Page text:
Chairman’s Bill on School Finance is Revealed

Mar 21, 2017 by

Today we attended a briefing on the “Chairman’s Bill” on school finance in the House K-12 Education Budget Committee. While the bill is not yet in print form, the various components were explained by Revisor Jason Long and Rep. Clay Aurand (R-Belleville). Aurand had facilitated the Committee discussion, seeking consensus on what items would be included in the bill.

While there were no specifics on funding in the bill, we can share the components with you. The bill is similar to the previous school finance formula in that it contains a base funding per pupil modified by weightings.

  • Base state aid per pupil is renamed Base Aid for Student Excellence (BASE). It is multiplied by the enrollment of the district which is the average of two count dates – September 20 and February 20. BASE is adjusted by a number of weightings (explained below). This method determines the school district’s total foundation aid. The state portion of that aid is determined by subtracting local revenue sources (local foundation aid) from its total foundation aid.
  • Kindergarten students would count a 0.8 in 2017-18, 0.9 in 2018-19, and 1.0 in 2019-2020, phasing in funding for all day kindergarten.
  • Bilingual weighting will shift from a contact hours calculation to an FTE student headcount. In the briefing this was said to be a weighting of 0.1 although Aurand later noted that that number was not correct.
  • At-risk weighting is based on students on free lunch as it was in the previous formula. The weighting factor will be 0.456. There is also a high-density at-risk weighting of 0.105 for districts with more than 3,000,69% or more of which are eligible for free lunch. For districts between 2,500 and 3,000 students and between 50% and 60% free lunch there is a linear transition for the weighting.
  • Special education and related services weighting is the same as under the previous formula.
  • Ancillary school facilities weighting is replaced with new school facilities cost weighting and is calculated as ancillary facilities weighting was.
  • The Cost of Living weighting stays as it was.
  • There is no career and technical education weighting. Instead, as we understand it, districts will receive a set amount of money per pupil which may be used for CTE programs or even post-secondary dual credit course and distance learning technology.
  • The bill will reauthorize the statewide 20 mill levy.
  • The LOB is replaced with three local funding sources:
  • The Local Foundation Budget (LFB) is a mandatory levy of 20% of the district’s total foundation aid. A portion of the LFB is required to be used for at-risk and bilingual education in proportion to the district’s at-risk and bilingual weightings. It is equalized as the LOB is today.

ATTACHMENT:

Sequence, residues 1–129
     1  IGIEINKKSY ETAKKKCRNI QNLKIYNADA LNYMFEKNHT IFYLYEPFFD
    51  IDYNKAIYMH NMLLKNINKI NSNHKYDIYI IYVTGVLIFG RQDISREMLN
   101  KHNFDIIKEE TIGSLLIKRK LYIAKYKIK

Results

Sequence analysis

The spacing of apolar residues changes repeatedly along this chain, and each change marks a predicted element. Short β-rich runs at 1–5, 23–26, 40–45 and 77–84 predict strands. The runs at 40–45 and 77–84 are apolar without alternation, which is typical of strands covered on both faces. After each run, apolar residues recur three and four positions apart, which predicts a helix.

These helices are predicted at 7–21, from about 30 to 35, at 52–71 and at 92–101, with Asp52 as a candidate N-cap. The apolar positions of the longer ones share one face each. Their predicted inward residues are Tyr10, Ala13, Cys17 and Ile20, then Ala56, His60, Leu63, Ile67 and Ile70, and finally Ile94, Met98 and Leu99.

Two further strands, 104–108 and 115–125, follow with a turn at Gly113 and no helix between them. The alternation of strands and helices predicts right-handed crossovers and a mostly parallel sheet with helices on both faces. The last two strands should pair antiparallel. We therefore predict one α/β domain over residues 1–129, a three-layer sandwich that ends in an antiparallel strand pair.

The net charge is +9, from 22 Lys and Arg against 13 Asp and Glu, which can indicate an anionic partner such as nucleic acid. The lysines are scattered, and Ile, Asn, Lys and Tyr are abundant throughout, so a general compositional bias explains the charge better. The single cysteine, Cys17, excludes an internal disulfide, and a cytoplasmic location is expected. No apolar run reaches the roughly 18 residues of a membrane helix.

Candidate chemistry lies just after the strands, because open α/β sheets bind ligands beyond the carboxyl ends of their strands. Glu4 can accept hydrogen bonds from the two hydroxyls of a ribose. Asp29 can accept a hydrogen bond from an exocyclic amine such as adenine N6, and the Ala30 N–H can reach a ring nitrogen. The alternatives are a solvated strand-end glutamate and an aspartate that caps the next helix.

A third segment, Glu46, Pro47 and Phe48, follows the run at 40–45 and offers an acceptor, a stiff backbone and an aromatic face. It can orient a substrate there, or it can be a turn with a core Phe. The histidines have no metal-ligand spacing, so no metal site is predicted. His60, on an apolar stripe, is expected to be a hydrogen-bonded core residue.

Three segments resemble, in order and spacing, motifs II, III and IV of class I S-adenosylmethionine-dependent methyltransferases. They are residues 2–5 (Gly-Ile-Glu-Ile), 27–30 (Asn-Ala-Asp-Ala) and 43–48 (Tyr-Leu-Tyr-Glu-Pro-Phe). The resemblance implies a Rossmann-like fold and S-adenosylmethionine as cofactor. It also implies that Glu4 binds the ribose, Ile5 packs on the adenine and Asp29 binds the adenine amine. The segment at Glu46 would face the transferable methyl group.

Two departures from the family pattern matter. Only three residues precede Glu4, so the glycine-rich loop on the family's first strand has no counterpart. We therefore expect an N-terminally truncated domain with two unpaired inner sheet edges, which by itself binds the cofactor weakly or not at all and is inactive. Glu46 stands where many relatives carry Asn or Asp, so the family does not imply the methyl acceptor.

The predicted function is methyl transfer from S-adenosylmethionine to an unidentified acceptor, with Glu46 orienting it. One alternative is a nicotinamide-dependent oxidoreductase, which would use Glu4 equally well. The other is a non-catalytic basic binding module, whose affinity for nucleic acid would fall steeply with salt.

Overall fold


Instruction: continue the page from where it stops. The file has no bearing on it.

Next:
• The Local Enhancement Budget (LEB) is limited to 5% of the district’s total foundation aid. No election is required. It is equalized as the LOB is today.
  • The Local Activities Budget (LAB) is limited to 4% of the district’s enrollment multiplied by the BASE aid. The LAB must be approved by the voters and expended only for non-instructional purposes. It is equalized as capital outlay is today.
  • Capital outlay state aid is reenacted using the same formula.
  • Bond and interest state aid remains the same except that districts with fewer than 260 students would need State Board approval in order to be eligible fore state aid for bonds issued to construct new school facilities.
  • Virtual school aid would remain the same as the current formula.
  • The corporate tuition tax credit program would be change such that eligible students would include those enrolled in a district that receives high-density at-risk weighting. Nonpublic schools receiving students would have to be accredited by the State Board and have a post-secondary effective rate that exceeds the trend line for all school districts as determined by the State Board or have a composite ACT score that exceeds the statewide average.

Wow. That’s a lot to digest! And it is all based on a briefing because the bill has yet to be printed. We expect to see the full bill some time tomorrow and then spend some quality time plowing through all 100 pages.

We’ll keep you posted as the discussion goes on. Tomorrow should be more committee discussion of the above. Hearings on the bill will be Thursday, Friday, and Monday, if needed.

 

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New Finance Bill? Not Yet.

Mar 20, 2017 by

No New School Finance Bill Today

We suppose the “Chairman’s Bill” on school finance, which we expected to be unveiled in committee today is not yet ready. Today’s meeting of the K-12 Education Budget Committee was canceled.

There are meetings scheduled for Tuesday through Friday, so hopefully, we’ll get our first look tomorrow.